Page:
Drinking alcohol in Morocco…Not readily available in Islamic countries…

Baskets of spices outside a spice shop in the souk.

Tom is not a big drinker. On occasion, if readily available, he may enjoy a couple of bottles of beer or a few of his favorite cocktails. When planning to live in Morocco, he had little concern when we discovered that buying a bottle of his favorite Courvoisier, which he mixes with Sprite Zero over ice, was not an easy purchase in this non-drinking Muslim country.

He dismissed the concept of drinking for the two and a half months without giving it a thought. Out of curiosity, we checked prices of his brand at the grocery store at a cost of US $60, MAD 486 for the VS, not VSOP, for a smaller bottle than he usually purchases. He said, “Nah, it’s just not worth it.” 

Leather sandals are a common offering in the souks.

Yes, he’s quite frugal when it comes to himself but never when it comes to me. Then again, my wants and needs are minimal these days so I have followed suit in frugality for myself as well. (Over the past few weeks, I’ve been using a Q-tip in order to get the last remnants out of a favorite tube of lipstick. Perhaps, the difficulty in replacing it is more the intent than the frugality).

Instead of buying a bottle, I suggested he have a few drinks when we dine out. The restaurants we frequent offer beer, wine, and his favorite cocktail. But, the other problem in ordering cocktails in restaurants is the ice.  All of them use tap water when making ice. With the risk of intestinal distress, the only ice we use is that which we make in our riad using bottled water to fill the tiny trays in the household’s tiny freezer. 

Tourists are often attracted to the varied choices of leather handbags.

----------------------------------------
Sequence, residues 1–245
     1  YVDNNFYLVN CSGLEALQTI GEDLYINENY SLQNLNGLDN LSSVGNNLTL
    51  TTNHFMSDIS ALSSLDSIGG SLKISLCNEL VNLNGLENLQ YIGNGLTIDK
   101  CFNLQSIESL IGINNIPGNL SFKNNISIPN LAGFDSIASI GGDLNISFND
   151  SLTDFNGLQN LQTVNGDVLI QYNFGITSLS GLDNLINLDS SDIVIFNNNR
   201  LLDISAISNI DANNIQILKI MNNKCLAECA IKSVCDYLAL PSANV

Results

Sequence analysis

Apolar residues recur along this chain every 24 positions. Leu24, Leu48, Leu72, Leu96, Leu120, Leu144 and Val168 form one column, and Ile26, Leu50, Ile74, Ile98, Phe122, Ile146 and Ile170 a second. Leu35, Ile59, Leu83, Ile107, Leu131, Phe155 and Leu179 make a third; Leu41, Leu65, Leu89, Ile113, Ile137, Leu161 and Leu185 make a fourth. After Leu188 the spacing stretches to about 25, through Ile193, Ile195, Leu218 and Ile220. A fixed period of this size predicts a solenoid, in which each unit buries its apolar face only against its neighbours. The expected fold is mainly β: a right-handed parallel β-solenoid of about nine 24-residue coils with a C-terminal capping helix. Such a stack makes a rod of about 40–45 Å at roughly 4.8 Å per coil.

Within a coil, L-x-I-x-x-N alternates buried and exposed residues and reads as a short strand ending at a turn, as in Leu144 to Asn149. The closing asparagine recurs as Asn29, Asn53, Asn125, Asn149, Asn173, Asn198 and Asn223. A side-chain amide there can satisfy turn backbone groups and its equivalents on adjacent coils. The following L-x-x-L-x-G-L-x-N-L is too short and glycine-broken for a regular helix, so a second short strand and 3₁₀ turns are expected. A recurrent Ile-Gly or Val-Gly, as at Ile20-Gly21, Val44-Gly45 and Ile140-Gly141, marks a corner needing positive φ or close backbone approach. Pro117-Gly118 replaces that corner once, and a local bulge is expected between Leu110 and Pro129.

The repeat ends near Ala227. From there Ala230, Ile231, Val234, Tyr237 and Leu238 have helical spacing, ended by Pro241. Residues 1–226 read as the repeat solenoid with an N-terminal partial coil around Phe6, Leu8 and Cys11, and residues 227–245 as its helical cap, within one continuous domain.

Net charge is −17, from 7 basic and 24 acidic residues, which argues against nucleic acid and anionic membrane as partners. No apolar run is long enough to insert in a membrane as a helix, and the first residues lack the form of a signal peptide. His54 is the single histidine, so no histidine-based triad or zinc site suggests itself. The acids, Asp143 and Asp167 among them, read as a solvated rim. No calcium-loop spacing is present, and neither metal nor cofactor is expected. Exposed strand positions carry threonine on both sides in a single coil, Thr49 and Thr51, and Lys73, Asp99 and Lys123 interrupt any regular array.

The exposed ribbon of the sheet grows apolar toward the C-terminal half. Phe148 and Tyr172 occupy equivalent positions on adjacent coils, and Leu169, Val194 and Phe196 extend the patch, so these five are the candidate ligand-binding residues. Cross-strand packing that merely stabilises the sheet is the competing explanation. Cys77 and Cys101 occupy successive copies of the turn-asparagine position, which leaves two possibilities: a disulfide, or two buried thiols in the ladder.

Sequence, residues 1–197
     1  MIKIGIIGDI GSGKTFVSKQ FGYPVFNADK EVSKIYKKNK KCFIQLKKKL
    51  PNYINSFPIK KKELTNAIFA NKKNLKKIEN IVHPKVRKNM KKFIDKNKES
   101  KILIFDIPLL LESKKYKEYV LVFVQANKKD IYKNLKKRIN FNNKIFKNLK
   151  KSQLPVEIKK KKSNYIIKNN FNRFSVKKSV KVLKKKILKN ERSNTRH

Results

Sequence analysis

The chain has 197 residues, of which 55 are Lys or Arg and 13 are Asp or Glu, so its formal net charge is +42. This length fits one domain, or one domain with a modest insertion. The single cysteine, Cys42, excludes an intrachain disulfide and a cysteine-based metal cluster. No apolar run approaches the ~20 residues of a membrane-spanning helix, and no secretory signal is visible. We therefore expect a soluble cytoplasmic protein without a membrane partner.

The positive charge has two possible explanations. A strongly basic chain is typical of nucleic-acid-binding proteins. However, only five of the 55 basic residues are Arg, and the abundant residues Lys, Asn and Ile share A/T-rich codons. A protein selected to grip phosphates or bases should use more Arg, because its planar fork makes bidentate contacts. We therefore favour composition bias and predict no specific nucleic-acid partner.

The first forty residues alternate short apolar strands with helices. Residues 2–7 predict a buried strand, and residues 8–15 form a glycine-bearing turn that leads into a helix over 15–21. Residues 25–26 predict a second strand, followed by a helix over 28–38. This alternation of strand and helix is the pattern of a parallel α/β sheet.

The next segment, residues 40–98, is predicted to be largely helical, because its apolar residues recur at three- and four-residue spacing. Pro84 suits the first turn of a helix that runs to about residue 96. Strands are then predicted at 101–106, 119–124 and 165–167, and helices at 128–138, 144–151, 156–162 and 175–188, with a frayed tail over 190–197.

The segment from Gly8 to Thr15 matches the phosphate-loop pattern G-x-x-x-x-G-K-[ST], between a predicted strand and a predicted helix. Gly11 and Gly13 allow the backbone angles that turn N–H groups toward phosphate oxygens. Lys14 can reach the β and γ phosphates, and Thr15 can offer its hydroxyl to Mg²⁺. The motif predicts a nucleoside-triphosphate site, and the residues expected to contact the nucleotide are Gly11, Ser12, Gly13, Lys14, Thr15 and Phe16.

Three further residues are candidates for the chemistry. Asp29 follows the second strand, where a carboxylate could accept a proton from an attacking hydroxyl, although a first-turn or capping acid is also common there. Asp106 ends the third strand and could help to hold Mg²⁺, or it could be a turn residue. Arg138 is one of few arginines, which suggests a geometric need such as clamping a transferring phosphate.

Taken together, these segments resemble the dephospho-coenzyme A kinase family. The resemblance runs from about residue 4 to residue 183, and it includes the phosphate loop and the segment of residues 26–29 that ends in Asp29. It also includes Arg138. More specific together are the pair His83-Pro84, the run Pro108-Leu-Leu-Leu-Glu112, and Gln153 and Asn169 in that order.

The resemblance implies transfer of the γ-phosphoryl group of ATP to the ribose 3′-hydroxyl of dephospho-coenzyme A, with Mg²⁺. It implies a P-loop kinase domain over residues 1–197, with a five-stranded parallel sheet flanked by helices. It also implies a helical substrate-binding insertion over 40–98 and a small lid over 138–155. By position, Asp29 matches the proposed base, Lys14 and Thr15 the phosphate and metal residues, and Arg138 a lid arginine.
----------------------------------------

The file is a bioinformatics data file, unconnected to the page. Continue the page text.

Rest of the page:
The average cost of his cocktail in the restaurants with the Sprite Zero is US $14.17, MAD 115. If he were to have only two cocktails without ice, which he doesn’t care for, the cost at almost US $30, MAD 243 is ridiculous, costing as much as our food, which in itself in not a bargain in Marrakech. 

Beer, a good second choice, is an average of US $7.00, MAD 57, again in a smaller bottle. He decided to forgo beer as well. Why bother? He feels it’s just not worth it. For me, it’s not an issue. I don’t drink alcohol, although at times I do wish I could, especially red wine. But my health supersedes my desire to drink, a decision I made many years ago.

Carry on leather bags also appeal to the tourist trade.

All said and done, Tom has ordered one cocktail without ice and one beer on two separate occasions when we’ve dined out in Marrakech, never to order again.

Another situation where we find cocktail prices outrageous is while cruising. The cost of drinks and beer is comparable to Morocco prices and then again, Tom cringes. Cruises offer drink packages usually around US $59, MAD 478 per person per day plus 15% gratuity. 

This clump fell onto the floor of the riad overnight.  With spring in the air and all the birds flying in the house, we assumed it may be the makings of a bird’s nest.

When we did the math for these cruise packages, there was no way buying one made sense for Tom. He only has a few cocktails at dinner when we’re gathered around a sharing table or dining on our own. He never drinks alcohol during the day so he’d have to drink six cocktails at dinner to break even, seven to be ahead. Forcing oneself to drink to justify the “package” hardly makes sense to us. There are non-alcoholic beverage packages that make no sense for me. I don’t drink sugary beverages, juice, or soda.

In a mere 17 days, we’ll be in Madeira, grocery shopping the next day with our late arrival. With enthusiasm, we anticipate purchasing all the foods, snacks, and beverages that we desire. Perhaps, at “happy hour,” we’ll lounge on the veranda overlooking the ocean and once again, feel like we’re “home,” wherever that may be. 

Photo from one year ago today, April 28, 2013:

The view of the island of Madeira where we’ll arrive in only 17 days, flying from Marrakech. Our ship docked in Madeira for one day a year ago today, enabling us to visit with Gina, the owner of the house, and to see our future home in person. We couldn’t have been more pleased. The house is away from this busy port town of Funchal. For details of that date with more photos, please click here.

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